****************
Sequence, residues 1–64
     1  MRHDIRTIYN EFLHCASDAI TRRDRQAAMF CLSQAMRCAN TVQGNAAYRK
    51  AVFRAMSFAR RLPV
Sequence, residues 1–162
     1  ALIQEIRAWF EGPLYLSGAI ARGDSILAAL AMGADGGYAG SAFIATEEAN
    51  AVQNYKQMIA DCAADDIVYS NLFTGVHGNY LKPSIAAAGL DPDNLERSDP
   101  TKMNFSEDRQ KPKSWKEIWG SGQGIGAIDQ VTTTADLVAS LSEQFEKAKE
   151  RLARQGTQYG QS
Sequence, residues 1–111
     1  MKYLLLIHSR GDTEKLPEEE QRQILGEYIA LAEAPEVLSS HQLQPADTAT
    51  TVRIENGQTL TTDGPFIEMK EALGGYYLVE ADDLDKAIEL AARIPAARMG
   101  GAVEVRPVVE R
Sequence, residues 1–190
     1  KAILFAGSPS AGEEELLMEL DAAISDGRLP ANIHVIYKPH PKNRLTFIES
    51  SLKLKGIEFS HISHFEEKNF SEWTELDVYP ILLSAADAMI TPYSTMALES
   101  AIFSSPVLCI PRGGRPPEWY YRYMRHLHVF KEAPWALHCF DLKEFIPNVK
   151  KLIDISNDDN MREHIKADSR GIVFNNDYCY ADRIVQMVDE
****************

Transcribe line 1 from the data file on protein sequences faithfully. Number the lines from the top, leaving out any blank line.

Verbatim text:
Sequence, residues 1–64